By Joseph Guyler Delva
PORT-AU-PRINCE, Haiti (HCNN) -- Prime Minister Laurent Lamothe said on Thursday that curbing corruption is key to fighting extreme poverty in Haiti where most people live on less than $2 per day, while a small group of people in the Caribbean country continue to enrich themselves though corrupt practices.
Prime Minister Laurent Lamothe
Lamothe said his government is banking on the fight against corruption as a poverty alleviation tool, to allow public institutions to have access to needed funds to invest in social and development programs likely to positively affect the lives of the most vulnerable.
"Corruption is one of the biggest obstacles to Haiti's social and economic development because it is keeping people in poverty," Lamothe told the Haitian-Caribbean News Network (HCNN) on Thursday.
"So when we fight corruption as my government is committed to doing, we also fight extreme poverty because public funds will be used to lift people out of poverty instead of ending up in the pockets of a small corrupt group," said Lamothe.
The Haitian prime minister cited a series of unprecedented measures taken by his government to fight against corruption, such as the increase in the budget and logistical means for the anti-corruption unit, the promulgation of the first anti-corruption law ever passed in the country's 210 years of history and a significant number of indictments and arrests on corruption charges.
"We are fully aware of the difficulty of this fight that we want to fight because there are very powerful people who are benefiting from the corruption who will try everything in their power to resist and fight back," Lamothe told HCNN.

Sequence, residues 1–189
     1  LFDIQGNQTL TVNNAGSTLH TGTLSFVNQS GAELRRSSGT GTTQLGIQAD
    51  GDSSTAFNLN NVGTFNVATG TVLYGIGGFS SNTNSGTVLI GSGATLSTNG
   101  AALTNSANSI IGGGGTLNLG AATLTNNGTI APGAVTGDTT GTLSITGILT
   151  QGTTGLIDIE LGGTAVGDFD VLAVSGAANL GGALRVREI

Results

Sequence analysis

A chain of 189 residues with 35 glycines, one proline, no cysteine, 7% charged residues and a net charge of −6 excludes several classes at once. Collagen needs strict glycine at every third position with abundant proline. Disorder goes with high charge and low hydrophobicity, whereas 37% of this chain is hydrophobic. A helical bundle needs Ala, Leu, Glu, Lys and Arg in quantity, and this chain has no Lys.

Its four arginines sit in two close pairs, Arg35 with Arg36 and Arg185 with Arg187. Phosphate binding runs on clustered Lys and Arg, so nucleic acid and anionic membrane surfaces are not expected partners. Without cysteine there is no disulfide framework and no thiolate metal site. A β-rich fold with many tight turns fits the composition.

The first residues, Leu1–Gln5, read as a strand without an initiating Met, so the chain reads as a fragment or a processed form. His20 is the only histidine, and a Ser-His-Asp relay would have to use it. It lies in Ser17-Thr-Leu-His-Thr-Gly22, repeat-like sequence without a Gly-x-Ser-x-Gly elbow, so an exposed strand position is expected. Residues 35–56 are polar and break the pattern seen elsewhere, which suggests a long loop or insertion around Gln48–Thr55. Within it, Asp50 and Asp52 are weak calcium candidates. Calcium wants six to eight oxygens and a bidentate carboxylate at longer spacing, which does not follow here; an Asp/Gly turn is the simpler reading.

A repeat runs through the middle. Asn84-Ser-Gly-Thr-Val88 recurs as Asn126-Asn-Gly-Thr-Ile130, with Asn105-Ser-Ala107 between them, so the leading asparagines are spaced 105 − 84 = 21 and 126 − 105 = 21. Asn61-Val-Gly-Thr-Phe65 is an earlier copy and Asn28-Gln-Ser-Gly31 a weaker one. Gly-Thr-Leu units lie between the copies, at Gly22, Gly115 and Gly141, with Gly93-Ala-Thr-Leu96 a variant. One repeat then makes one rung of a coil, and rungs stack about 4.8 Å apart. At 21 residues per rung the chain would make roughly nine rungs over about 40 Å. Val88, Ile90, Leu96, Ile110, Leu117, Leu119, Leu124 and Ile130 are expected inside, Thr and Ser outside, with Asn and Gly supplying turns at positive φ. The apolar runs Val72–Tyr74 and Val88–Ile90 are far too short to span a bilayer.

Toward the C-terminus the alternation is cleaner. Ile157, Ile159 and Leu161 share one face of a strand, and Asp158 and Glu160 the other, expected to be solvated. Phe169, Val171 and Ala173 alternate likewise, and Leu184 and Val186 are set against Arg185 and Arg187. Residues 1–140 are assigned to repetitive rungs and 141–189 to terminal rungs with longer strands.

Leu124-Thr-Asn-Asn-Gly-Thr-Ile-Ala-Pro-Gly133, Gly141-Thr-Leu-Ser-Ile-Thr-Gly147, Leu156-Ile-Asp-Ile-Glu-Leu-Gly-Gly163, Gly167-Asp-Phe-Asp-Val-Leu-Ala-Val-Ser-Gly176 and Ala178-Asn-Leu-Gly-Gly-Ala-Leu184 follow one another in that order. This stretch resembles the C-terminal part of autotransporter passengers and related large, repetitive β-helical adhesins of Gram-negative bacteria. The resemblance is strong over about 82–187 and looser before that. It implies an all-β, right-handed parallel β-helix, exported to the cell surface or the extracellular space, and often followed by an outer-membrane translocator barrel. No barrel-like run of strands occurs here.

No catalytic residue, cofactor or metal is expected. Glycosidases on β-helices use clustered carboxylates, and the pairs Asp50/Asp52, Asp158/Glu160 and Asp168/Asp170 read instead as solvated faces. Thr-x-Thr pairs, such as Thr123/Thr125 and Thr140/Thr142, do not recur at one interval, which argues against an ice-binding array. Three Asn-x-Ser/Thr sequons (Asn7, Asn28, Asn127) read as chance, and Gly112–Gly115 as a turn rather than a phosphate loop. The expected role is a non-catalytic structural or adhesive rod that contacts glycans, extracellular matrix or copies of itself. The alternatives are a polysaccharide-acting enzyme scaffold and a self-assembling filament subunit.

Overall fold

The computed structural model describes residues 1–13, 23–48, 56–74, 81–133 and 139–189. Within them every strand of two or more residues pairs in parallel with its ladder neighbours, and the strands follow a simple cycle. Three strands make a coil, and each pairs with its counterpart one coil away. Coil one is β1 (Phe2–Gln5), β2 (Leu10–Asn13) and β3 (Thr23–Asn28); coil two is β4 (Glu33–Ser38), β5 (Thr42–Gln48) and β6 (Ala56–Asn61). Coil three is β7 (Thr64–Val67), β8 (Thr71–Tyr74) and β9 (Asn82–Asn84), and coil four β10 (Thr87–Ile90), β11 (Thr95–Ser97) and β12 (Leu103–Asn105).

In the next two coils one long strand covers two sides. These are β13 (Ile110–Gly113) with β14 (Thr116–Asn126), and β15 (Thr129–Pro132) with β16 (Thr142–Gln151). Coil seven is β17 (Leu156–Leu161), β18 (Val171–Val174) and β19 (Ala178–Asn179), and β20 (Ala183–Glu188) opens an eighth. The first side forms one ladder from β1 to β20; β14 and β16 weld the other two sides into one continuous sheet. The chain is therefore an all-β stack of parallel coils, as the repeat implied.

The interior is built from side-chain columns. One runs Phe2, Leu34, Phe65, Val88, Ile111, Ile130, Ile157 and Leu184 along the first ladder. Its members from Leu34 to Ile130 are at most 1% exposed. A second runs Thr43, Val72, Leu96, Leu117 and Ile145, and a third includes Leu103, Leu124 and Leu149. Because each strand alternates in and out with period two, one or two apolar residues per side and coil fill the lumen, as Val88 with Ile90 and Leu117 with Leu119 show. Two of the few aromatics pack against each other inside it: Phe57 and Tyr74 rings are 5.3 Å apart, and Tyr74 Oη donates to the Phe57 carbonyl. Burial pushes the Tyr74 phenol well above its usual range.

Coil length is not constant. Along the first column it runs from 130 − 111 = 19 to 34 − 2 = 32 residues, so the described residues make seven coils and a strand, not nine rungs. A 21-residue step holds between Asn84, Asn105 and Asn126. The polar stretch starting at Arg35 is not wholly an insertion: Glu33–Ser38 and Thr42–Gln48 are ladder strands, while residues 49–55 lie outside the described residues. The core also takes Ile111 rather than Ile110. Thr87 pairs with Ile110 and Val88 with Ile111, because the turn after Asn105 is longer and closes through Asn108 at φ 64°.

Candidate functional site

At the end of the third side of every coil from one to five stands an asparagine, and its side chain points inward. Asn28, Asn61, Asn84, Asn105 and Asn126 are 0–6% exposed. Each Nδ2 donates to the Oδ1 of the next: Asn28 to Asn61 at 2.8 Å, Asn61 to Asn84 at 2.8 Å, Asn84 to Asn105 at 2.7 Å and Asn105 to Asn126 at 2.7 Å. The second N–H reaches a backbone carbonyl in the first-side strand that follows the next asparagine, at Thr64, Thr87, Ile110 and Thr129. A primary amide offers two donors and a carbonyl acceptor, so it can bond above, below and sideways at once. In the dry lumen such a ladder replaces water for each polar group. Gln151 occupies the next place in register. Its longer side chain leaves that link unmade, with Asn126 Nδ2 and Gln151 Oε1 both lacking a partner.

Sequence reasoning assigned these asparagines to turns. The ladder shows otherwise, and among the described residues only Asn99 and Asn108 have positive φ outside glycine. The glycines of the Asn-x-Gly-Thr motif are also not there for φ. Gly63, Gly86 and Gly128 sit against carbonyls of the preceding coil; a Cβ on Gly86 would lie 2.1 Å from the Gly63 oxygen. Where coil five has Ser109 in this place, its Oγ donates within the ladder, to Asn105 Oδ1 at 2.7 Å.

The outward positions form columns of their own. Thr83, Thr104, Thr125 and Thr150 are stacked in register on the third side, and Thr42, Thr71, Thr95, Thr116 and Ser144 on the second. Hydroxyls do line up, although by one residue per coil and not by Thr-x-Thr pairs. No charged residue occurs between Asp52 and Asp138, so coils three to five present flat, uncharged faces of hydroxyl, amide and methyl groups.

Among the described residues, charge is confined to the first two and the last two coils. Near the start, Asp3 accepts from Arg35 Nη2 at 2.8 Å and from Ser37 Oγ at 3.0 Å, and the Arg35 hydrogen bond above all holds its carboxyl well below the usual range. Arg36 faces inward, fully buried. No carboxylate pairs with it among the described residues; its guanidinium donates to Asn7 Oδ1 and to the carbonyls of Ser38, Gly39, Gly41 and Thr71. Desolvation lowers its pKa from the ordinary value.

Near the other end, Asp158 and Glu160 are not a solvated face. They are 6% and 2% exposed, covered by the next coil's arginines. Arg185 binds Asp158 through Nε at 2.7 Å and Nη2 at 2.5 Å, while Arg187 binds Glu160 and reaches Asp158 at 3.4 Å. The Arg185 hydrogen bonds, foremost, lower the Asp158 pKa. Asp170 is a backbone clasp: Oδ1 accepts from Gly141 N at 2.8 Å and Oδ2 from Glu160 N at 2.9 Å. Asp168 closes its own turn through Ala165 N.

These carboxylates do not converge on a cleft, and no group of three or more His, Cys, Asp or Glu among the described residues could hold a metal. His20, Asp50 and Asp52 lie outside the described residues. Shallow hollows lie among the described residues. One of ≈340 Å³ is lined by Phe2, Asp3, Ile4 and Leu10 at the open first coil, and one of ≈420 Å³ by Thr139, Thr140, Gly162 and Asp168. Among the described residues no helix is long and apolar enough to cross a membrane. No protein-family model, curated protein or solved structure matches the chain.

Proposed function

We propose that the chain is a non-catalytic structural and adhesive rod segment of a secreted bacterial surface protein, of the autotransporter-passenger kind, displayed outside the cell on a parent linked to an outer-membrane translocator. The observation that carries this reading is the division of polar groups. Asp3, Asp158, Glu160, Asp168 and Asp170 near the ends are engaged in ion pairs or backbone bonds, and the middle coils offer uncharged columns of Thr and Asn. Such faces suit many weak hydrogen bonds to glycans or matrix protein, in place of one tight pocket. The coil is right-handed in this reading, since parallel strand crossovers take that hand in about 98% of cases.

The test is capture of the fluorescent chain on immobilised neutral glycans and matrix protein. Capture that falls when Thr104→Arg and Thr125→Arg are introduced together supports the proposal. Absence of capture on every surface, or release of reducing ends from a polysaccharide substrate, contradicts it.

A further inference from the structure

"But we are convinced that this is the right thing to do for the country and nothing will stop us," he added.
However, Lamothe called on judicial authorities and other relevant entities to fully assume their responsibility when it comes to prosecuting, trying and sentencing perpetrators of corruption crimes.
"The political will on the part of President (Michel) Martelly and myself is clear, but we need relevant judicial authorities to also have the will to go after those in the public administration and elsewhere who are involved with corruption," insisted Lamothe.
"And there should be no exception. Myself as prime minister I have opened my office to anti-corruption unit officials and President Martelly has done the same and we have instructed all those working with us to cooperate with anti-corruption investigators," explained Lamothe.
Martelly in May signed into law a bill that stiffens punitive measures against those involved with corruption, who now incur 3 to 15 years imprisonment compared to 1 to 3 years’ jail time before, while many deterrent penalties and public fund-recovering measures are set to be applied.